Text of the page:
I also think how FEMA chose to organize its page, with tabs for what to do before (preparation), during (reaction), and after (assessment) a cyber attack, is very smart. They provide not only information that might cause fear in some or nervousness (the possible effects of an attack), but, also how to mitigate and prevent these attacks from happening. As I have learned in Public Health, whenever fear is used as a way to influence people, it is important to provide ways in which individuals can react to that fear in order to have a project which has impact, and FEMA does just that.

FEMA goes one step further by providing additional information and ways in which individuals can stay connected and ahead on this issue by signing up for listserv’s about cyber security. As cyber attacks become more and more common and destructive it will be interesting to see what additional measures government agencies take to inform their populations about the threat.


US Presidential Candidate Romney Proposes More Strings to be Attached to US Foreign Aid

While reading the New York Times I came across this article that discussed presidential candidate Romney’s proposed idea to attach more strings to the foreign aid the US sends to various countries. This immediately made me think back to several conversations we recently had in class– I thought about how this embodied a large scale example of top-down driven policies, for it would be the US that decided how the aid was to be used rather than those individuals actually receiving it in their countries. Romney also proposed several new stipulations reminiscent of the Bush-era aid restrictions based on the recipient countries policy regarding abortion, again another top-down strategy.

The proposed strings include some neocolonial type notions– for example Romney states “In exchange for removing those barriers and opening their markets to U.S. investment and trade, developing nations will receive U.S. assistance packages focused on developing the institutions of liberty, the rule of law, and property rights.” (NYT 2012). Meaning that the US will make demands that must be met in order to receive US Aid packages that are designated to specific areas of development that are also beneficial to the US and it’s businesses. I would like to look at the plan in more detail to see if it were to be mandated that the recipient countries only receive products built and designed in the US that may be problematic in the environment of the country, and cause more trouble than they are worth. Statements made by Romney were also quite vague which made the true nature of the proposed strings harder to define.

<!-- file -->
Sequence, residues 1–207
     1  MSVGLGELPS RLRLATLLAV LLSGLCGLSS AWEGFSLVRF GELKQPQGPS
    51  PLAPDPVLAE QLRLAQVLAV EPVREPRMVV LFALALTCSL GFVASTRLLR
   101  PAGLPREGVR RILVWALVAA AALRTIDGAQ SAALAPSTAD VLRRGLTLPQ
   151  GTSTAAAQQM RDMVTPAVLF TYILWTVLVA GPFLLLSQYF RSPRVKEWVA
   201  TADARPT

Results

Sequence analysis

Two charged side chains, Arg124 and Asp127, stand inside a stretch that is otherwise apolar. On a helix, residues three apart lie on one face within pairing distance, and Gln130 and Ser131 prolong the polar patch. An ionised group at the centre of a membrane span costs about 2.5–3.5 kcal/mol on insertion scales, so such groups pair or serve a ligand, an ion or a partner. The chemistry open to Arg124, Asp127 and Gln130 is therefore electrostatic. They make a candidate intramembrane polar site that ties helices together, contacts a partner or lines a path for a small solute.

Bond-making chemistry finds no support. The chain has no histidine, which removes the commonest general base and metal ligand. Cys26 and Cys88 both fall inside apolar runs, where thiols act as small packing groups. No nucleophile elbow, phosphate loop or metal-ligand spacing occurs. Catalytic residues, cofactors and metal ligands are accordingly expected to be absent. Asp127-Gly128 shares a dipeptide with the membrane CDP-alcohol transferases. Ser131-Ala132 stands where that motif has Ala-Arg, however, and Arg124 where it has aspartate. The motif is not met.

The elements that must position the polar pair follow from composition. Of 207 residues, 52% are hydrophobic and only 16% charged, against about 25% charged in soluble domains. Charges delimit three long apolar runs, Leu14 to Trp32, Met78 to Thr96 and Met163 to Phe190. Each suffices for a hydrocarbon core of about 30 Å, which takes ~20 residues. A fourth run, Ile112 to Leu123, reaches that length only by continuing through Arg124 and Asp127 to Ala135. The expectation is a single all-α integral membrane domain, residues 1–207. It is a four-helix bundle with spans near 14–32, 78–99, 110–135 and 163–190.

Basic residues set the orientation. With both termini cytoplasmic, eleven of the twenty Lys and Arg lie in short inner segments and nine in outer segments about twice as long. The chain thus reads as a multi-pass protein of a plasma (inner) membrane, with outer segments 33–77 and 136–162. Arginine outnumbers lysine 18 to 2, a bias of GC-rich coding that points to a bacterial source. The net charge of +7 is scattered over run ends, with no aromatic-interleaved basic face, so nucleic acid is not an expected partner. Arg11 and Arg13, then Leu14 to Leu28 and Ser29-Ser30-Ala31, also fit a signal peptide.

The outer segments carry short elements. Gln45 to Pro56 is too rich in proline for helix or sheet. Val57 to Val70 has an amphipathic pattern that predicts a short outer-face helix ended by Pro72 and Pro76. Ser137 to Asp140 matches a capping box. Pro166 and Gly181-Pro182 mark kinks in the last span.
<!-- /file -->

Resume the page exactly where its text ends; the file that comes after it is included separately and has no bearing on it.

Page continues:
Obama spoke as well and also focused on a specific issue he would like to see US foreign aid money go to, human trafficking.


Children at Liberty City School Recieve Laptops

There is much potential for ICTs in education. They can improve access to knowledge, promote creation of learning environments, fascilitate communication, equip students for the information age, and allow teachers to improve teaching. One ICT that was created to improve education in underdeveloped countries was a low-cost, low-power computer geared towards helping children in need. This mission was called One Laptop Per Child (OLPC).There mission, is to “provide educational opportunities for the worlds most isolated and poorest children by giving each child a rugged, low-cost, low-power, connected laptop; and software tools and content designed for collaborative, joyful, self empowered learning” (OLPC, Class Presentation). Although the idea for OLPC may have worked in underdeveloped countries, it is now also being implemented underdeveloped schools in the United States. Now, more than 525 students at Holmes Elementary in Liberty City are getting their own technology, and are said to cannot wait to use their own technology at home.


Sky Burger in the Subway